Updated: 7 days ago
There exists a somewhat fringe political philosophy that hovers, at least in practice, around the far edges of modern right-wing politics in the West. It’s called libertarianism, and its adherents are usually idiots who think that the government is evil and should be abolished, and that taxes are the work of the devil.
Now, in most places, people who want to abolish government are at the very least laughed at, and more extreme reactions can be obtained depending on those people’s apparent mental state and available armaments. In America however, land of the easily manipulated, the idea government isn’t really needed is seen as patriotic. In fairness, when you remember that your revolutionary war was fought over a 3% tax, it can be hard to reconcile your yearly returns with the foundational ideologies of the republic.
Nonetheless, there are only a few places where libertarian ideals continue to make a real impact, and two of these are the subject of today’s article: Silicon Valley and Texas. Libertarianism in some form or another has been adopted into the identity of these two regions, and now the philosophy has left them inextricably linked.
Let me back it up for you a bit first. You can tell when something’s been hovering around the news cycle for a while because editors start to play it fast and loose with quotations. They’ll take shorthand terms for events or trends and throw on a pair of quotations and call it a day. For example, post-pandemic coverage of tech companies that are moving headquarters, like HP and Oracle, refer to a Silicon Valley “exodus” like its a common term.
First of all, nobody should be using the word “exodus” anymore, it’s not 1200 BC, and second of all, who are you quoting news editors? I wanna know who the first person was that thought ‘you know what word we should bring back? Exodus. What a classic crowd-pleaser.” Shut up, nerd. Anyway, my point is that since the pandemic began, the trend of ditching Silicon Valley in favour of greener pastures — usually in Texas or Miami — has started picking up mainstream steam.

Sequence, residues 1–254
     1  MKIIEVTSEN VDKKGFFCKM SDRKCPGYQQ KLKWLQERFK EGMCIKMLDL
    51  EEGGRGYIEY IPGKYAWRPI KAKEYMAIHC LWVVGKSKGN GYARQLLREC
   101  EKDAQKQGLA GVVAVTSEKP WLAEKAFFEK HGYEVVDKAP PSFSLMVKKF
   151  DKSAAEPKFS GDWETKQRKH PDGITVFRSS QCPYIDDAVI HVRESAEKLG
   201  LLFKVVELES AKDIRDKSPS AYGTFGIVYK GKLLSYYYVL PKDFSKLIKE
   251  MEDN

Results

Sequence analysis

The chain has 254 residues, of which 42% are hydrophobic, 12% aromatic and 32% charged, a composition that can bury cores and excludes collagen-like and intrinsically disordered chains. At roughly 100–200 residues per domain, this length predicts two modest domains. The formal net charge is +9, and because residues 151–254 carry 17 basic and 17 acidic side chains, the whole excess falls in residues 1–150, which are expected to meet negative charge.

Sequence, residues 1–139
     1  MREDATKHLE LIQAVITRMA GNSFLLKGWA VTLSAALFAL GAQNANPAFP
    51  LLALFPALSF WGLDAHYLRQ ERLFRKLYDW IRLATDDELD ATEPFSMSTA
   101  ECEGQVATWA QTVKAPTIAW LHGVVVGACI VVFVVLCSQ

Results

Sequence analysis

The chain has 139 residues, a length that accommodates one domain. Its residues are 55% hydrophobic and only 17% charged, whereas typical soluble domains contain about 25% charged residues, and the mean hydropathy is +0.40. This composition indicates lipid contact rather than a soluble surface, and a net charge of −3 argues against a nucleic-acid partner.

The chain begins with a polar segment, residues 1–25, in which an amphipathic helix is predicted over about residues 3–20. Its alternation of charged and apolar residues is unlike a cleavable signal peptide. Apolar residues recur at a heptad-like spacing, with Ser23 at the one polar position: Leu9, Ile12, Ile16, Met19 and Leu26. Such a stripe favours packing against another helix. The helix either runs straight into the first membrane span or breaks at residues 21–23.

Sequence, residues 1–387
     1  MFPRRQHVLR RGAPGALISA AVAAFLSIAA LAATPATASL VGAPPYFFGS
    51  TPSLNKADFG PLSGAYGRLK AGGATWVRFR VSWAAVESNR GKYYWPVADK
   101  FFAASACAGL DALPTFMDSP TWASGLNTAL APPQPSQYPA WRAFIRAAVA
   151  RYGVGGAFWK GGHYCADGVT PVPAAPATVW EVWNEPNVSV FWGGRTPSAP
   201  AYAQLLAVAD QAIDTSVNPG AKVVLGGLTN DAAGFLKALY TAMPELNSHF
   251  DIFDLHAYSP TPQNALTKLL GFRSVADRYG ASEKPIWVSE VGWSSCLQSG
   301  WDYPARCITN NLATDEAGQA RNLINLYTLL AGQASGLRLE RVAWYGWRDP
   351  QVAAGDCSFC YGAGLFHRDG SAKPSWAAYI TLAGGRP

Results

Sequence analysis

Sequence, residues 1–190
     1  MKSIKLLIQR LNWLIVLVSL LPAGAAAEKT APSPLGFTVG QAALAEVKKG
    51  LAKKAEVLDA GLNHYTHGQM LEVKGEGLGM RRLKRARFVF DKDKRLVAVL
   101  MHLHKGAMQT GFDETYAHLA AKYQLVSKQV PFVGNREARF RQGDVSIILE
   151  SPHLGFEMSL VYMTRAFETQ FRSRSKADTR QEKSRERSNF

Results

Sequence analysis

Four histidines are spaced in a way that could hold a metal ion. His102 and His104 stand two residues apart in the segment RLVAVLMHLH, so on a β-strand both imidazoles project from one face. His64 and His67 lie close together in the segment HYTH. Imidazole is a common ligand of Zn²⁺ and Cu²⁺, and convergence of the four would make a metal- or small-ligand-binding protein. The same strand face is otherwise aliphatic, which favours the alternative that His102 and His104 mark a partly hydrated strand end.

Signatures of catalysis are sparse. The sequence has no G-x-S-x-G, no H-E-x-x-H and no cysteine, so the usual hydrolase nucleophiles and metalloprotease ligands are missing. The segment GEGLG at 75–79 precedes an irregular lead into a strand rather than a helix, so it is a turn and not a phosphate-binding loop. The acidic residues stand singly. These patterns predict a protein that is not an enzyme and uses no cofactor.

There are a bunch of different reasons for this, so we’ll start with the ones that don’t have as much to do with politics because those are the ones I care less about and I want to get them out of the way. The big one is that it’s just fucking expensive to live in California. Compared to the coast, housing is like half off in Texas which is a huge incentive, especially as a new generation enters the workforce with dwindling prospects for homeownership. The other is pandemic related, as tech giants have moved to allow employees to work from home permanently or semi-permanently, meaning they don’t have to live in the valley anymore.
But the reasons for my interest in the tech “exodus” are a lot less logistics oriented. These next factors are much more political, and much more ideologically motivated. From a capitalist business side, California asks for more taxes and it regulates its marketplace much more strictly. Because lawmakers have historically been so slow to act on the problems created by the tech industry, such as labour issues and antitrust, companies feel entitled to the immunity they had so long enjoyed while milking us for money. It would be much more preferable for them to just go somewhere else where politicians won’t bother them so much.
And from a social politics side, California is overwhelmingly populated by democrats who continue to suggest that the white male CEOs of these companies consider abdicating some of their enormous power for the sake of everyone else, which is something they don’t love to be surrounded with. In a couple of high profile cases, Silicon Valley entrepreneurs have been vocal in their backlash against an overwhelmingly liberal culture that they think discriminates against conservative voices and blah blah whatever you pussies.
High profile renunciations of Silicon Valley and California culture have come from celebrities like Elon Musk, Peter Thiel, and the founder of Oculus, Palmer Luckey, who alleges he was fired for his part in a 2016 anti-Hillary meme page.